Silas Marner HTML version

Chapter 14
There was a pauper's burial that week in Raveloe, and up Kench Yard at
Batherley it was known that the dark-haired woman with the fair child, who had
lately come to lodge there, was gone away again. That was all the express note
taken that Molly had disappeared from the eyes of men. But the unwept death
which, to the general lot, seemed as trivial as the summer-shed leaf, was
charged with the force of destiny to certain human lives that we know of, shaping
their joys and sorrows even to the end.
Silas Marner's determination to keep the "tramp's child" was matter of hardly less
surprise and iterated talk in the village than the robbery of his money. That
softening of feeling towards him which dated from his misfortune, that merging of
suspicion and dislike in a rather contemptuous pity for him as lone and crazy,
was now accompanied with a more active sympathy, especially amongst the
women. Notable mothers, who knew what it was to keep children "whole and
sweet"; lazy mothers, who knew what it was to be interrupted in folding their arms
and scratching their elbows by the mischievous propensities of children just firm
on their legs, were equally interested in conjecturing how a lone man would
manage with a two-year-old child on his hands, and were equally ready with their
suggestions: the notable chiefly telling him what he had better do, and the lazy
ones being emphatic in telling him what he would never be able to do.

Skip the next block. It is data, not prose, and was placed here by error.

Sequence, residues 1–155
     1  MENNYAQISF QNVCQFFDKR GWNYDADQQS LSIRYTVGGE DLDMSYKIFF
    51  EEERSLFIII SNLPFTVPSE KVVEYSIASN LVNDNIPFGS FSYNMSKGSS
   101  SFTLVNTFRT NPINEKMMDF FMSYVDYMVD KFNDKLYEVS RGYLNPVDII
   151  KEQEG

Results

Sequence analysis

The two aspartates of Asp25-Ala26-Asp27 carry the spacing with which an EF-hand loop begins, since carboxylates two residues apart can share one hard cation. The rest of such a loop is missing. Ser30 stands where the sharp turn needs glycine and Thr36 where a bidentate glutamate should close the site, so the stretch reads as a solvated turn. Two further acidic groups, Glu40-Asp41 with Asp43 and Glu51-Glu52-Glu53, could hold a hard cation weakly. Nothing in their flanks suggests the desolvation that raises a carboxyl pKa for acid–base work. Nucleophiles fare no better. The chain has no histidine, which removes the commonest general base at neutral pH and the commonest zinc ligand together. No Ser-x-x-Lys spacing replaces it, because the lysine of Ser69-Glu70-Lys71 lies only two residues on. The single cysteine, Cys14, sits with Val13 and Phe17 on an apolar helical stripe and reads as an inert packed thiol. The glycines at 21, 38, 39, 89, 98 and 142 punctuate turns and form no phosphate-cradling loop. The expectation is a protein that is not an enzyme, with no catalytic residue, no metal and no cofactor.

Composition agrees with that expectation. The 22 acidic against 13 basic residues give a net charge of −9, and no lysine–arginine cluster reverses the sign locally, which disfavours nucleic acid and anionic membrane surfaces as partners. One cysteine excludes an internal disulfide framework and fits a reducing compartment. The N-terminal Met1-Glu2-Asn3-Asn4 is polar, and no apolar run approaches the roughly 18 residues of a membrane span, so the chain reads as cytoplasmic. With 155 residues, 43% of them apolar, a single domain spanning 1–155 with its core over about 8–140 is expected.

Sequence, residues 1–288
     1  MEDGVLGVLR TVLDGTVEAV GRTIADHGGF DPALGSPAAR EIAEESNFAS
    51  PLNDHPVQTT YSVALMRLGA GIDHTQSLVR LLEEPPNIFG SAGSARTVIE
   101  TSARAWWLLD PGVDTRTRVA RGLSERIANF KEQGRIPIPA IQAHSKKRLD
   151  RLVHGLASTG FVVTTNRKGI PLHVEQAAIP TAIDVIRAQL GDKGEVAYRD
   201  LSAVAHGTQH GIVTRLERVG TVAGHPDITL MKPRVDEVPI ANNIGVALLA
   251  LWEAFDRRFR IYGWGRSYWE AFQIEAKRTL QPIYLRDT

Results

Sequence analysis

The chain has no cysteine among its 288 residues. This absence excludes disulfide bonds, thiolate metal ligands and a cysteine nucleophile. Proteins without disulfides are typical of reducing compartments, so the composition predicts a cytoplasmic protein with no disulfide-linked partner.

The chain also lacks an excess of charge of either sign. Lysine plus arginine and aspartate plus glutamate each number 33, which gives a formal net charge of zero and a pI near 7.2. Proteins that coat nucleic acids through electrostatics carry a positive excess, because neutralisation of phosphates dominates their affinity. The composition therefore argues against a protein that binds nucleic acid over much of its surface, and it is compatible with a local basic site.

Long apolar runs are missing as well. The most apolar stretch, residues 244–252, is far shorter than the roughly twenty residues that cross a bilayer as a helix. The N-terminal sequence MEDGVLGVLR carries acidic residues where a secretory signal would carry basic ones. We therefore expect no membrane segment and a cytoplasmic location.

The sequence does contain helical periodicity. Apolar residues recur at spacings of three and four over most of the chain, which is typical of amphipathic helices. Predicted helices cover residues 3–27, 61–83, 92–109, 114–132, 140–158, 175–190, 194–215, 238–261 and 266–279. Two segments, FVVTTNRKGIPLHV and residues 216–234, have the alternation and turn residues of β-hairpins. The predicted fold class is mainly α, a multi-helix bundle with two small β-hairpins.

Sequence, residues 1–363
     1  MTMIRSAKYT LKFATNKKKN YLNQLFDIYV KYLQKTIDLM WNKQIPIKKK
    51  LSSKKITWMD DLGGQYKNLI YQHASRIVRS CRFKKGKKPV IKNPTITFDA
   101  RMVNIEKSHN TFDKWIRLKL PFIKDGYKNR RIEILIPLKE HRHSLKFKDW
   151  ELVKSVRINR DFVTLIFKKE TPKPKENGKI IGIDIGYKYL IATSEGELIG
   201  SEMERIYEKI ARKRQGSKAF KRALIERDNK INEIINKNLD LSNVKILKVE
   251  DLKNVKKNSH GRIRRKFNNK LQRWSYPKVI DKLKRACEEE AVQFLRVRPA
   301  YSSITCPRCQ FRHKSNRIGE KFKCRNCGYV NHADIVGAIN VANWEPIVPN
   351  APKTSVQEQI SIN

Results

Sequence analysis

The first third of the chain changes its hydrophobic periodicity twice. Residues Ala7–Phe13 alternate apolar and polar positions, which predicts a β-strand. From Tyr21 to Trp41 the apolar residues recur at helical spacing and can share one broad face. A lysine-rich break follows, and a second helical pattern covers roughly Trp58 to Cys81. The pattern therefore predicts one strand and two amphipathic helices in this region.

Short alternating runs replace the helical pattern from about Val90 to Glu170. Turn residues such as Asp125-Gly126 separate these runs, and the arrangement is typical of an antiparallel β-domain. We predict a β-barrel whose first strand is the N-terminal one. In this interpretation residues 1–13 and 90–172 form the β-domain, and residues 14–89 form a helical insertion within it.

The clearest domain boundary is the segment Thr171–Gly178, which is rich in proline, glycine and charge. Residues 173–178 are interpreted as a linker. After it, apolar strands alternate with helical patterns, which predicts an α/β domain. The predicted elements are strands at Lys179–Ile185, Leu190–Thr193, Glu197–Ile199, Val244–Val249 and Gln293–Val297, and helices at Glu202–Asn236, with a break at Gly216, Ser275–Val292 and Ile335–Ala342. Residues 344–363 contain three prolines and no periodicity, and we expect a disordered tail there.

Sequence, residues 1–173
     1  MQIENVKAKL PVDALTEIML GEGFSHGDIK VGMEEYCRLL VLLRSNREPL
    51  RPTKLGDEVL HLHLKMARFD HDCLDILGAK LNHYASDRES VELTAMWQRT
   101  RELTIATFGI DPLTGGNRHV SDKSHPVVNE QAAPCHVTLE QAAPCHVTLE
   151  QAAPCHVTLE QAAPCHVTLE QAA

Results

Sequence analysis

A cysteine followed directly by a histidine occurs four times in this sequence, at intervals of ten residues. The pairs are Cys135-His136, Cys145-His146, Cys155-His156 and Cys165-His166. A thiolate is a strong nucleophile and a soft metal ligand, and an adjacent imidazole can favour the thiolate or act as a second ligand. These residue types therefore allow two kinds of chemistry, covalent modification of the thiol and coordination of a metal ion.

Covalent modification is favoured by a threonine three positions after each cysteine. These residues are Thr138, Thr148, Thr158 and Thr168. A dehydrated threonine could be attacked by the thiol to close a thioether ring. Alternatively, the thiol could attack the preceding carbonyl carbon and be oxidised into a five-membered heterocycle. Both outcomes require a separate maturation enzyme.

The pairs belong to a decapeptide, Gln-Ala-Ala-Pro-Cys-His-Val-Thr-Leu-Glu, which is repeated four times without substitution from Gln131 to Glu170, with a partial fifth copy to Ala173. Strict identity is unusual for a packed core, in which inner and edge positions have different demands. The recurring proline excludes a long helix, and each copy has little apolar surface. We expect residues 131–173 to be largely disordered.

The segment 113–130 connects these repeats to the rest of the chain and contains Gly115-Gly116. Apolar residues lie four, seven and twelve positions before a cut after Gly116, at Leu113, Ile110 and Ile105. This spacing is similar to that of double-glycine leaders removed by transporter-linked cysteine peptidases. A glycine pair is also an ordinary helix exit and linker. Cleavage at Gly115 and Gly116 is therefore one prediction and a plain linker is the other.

Among the notable mothers, Dolly Winthrop was the one whose neighbourly
offices were the most acceptable to Marner, for they were rendered without any
show of bustling instruction. Silas had shown her the half-guinea given to him by
Godfrey, and had asked her what he should do about getting some clothes for
the child.
"Eh, Master Marner," said Dolly, "there's no call to buy, no more nor a pair o'
shoes; for I've got the little petticoats as Aaron wore five years ago, and it's ill
spending the money on them baby-clothes, for the child 'ull grow like grass i'
May, bless it-- that it will."
And the same day Dolly brought her bundle, and displayed to Marner, one by
one, the tiny garments in their due order of succession, most of them patched
and darned, but clean and neat as fresh-sprung herbs. This was the introduction
to a great ceremony with soap and water, from which Baby came out in new
beauty, and sat on Dolly's knee, handling her toes and chuckling and patting her
palms together with an air of having made several discoveries about herself,
which she communicated by alternate sounds of "gug-gug-gug", and "mammy".
The "mammy" was not a cry of need or uneasiness: Baby had been used to utter
it without expecting either tender sound or touch to follow.
"Anybody 'ud think the angils in heaven couldn't be prettier," said Dolly, rubbing
the golden curls and kissing them. "And to think of its being covered wi' them
dirty rags--and the poor mother--froze to death; but there's Them as took care of
it, and brought it to your door, Master Marner. The door was open, and it walked
in over the snow, like as if it had been a little starved robin. Didn't you say the
door was open?"